Malaria is a life-threatening diseasecaused by parasites. The parasites of the genus Plasmodium are transmitted by Anopheles mosquitoes infected type, which usually bite at night.
The disease is present mainly in the tropical regions of Africa and Southeast Asia. But it can also be found in many countries, such as Mexico, Central America, South America, the Middle East, Turkey, Pakistan, India and several Asian countries such as China.
There are four types of human malaria. The two most common are Plasmodium falciparum (the most lethal) and Plasmodium vivax. Plasmodium malariae and Plasnmodium ovale are also found.
Malaria can be cured. By following an appropriate treatment, the parasites can be eliminated entirely from the body of the affected person. The parasite types, P. vivax and P. ovale have stages of the parasite that can remain in the liver without causing symptoms. If they are not treated with the right treatment, the right dosage, these stages can be reactivated and cause a relapse of the disease, even after several months or years. The P. malariae type can also remain in the blood for decades if not treated.
In recent years, monkey malaria (Plasmodium knowles) has been recorded in humans in some forests of Southeast Asia.
Transmission of malaria
Anopheles mosquitoes become infected when they bite a person with malaria. The small amount of blood they collect contains parasites. These mix with their saliva and are in turn injected to the next person they bite.
In the human body, parasites reach the liver and can remain dormant for several days, up to several months (depending on the parasite involved). When the parasites are mature, they attack the blood cells. It is at this point that people with the disease experience the symptoms of malaria.
Since the parasite is present in blood cells, malaria can also be transmitted through blood transfusion, organ transplantation or the sharing of contaminated syringes. Malaria can also be transmitted from a pregnant mother to her child before or at birth.
Diagnostic of Malaria
To ensure the presence of malaria, a diagnostic test can be performed. A drop of blood analyzed under a microscope makes it possible to identify the presence of the parasite.
Rapid diagnostic tests, in the form of test strips, detect the specific antigens produced by malaria parasites and present in the blood. These tests are usually used in the field by travelers or small organizations to quickly and effectively assess populations affected by the disease.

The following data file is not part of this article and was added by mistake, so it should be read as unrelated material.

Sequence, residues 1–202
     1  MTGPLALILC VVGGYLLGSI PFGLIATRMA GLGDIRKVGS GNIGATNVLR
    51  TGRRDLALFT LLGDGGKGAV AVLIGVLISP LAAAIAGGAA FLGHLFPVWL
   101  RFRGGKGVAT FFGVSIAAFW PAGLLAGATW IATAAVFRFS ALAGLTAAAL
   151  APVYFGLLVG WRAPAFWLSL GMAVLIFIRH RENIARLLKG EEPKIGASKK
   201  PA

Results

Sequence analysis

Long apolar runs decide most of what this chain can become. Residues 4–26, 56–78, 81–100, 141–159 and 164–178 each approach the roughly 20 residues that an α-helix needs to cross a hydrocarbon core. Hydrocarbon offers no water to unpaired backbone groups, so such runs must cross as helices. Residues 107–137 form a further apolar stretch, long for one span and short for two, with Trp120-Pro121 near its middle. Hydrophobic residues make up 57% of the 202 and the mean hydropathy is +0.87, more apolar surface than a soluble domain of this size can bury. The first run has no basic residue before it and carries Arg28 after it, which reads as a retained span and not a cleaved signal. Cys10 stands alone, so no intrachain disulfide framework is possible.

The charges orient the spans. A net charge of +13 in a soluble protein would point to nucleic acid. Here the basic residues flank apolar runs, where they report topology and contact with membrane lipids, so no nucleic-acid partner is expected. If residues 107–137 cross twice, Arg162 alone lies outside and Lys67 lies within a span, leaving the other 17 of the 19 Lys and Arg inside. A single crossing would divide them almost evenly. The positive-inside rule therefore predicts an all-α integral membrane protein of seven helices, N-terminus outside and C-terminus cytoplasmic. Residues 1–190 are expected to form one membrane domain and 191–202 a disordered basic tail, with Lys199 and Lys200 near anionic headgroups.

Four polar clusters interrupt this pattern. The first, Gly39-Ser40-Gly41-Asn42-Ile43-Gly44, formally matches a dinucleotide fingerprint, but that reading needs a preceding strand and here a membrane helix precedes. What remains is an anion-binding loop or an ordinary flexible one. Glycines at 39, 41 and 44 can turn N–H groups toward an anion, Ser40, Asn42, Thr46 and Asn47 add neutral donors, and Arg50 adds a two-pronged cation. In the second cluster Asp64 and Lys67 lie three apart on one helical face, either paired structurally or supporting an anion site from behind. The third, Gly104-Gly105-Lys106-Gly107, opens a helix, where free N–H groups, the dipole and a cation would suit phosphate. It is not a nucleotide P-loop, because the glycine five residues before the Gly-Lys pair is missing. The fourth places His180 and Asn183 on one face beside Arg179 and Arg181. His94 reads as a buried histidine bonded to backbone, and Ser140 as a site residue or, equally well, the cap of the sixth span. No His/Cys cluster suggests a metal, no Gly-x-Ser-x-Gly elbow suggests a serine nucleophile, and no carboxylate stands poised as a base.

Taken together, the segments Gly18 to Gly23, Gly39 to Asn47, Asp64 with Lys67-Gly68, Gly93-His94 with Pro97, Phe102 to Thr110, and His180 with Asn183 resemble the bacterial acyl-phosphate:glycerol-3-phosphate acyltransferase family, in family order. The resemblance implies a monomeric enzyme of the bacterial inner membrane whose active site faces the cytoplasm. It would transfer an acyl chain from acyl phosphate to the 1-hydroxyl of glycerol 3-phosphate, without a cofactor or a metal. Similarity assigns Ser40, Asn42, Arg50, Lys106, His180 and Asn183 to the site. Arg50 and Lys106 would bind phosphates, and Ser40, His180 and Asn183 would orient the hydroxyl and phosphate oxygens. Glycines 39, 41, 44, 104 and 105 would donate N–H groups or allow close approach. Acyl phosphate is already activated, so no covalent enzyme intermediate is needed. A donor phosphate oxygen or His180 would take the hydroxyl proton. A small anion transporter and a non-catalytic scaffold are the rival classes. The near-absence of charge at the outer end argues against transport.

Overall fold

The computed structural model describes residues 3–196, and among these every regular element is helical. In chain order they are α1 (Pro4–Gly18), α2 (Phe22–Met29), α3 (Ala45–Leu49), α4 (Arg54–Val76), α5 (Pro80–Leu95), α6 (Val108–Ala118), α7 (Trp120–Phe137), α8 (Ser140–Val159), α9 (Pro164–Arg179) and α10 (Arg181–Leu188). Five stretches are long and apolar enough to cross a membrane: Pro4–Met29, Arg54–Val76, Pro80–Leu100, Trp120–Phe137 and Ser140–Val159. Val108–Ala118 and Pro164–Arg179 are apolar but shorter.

According to a report by the World Health Organization (WHO) dating from 2011, there have been nearly 216 million episodes of malaria in 2010, 81% in Africa and 13% in South Asia.
In 2010, malaria-related deaths are estimated at 655,000, of which 91% are in various parts of Africa and most are children under 5 years of age.
According to the WHO, since 2000, death rates attributable to malaria have dropped by more than 25% worldwide and by 30% in Africa. This progress has been made possible by measures to combat and prevent malaria in areas affected by the disease: large-scale use of mosquito nets, improved diagnostic tools, and improved availability of antimalarial drugs.
Since 2008, April 25 has been declared World Malaria Day to raise awareness of the global effort needed to effectively fight against this disease.
Most cases of malaria-related deaths are due to the consequences of the complications of the disease; it is estimated that 90% of malaria deaths occur in Africa, especially in children under 5 years of age.
- Cerebral involvement (neuropaludism): when blood cells infected with the parasite reach the brain, causing delirium, loss of consciousness, coma or death.
- Pulmonary edema: an accumulation of fluid in the lungs that can lead to serious respiratory problems.
- Insufficiency of organs such as kidneys or liver, or rupture of the spleen that can cause death.
- Severe anemia caused by the destruction of infected red blood cells.
- Falling blood sugar: due to some severe forms of the disease that can cause coma or death.
- Recurrence of episodes: Some strains of the malaria parasite, which usually cause less severe forms of the disease, can persist in the body for years and cause relapses.
The symptoms of malaria
The symptoms appear between 10 and 15 days after the bite of the infected insect. Some types of malaria parasite (Plasmodium vivax and Plasmodium ovale) may remain inactive in the liver for weeks or even months before the first signs occur.
Malaria is characterized by recurrent attacks including three phases:
- Chills ;
- Headaches ;
- Fatigue and muscle aches;
- Nausea and vomiting;